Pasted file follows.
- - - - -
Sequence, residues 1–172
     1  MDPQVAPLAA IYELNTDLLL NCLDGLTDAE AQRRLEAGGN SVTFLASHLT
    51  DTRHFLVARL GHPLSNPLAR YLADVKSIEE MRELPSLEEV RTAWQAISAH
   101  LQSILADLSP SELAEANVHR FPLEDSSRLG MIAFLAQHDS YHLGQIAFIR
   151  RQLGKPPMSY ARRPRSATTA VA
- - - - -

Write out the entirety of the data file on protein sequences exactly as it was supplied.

Sequence, residues 1–172
     1  MDPQVAPLAA IYELNTDLLL NCLDGLTDAE AQRRLEAGGN SVTFLASHLT
    51  DTRHFLVARL GHPLSNPLAR YLADVKSIEE MRELPSLEEV RTAWQAISAH
   101  LQSILADLSP SELAEANVHR FPLEDSSRLG MIAFLAQHDS YHLGQIAFIR
   151  RQLGKPPMSY ARRPRSATTA VA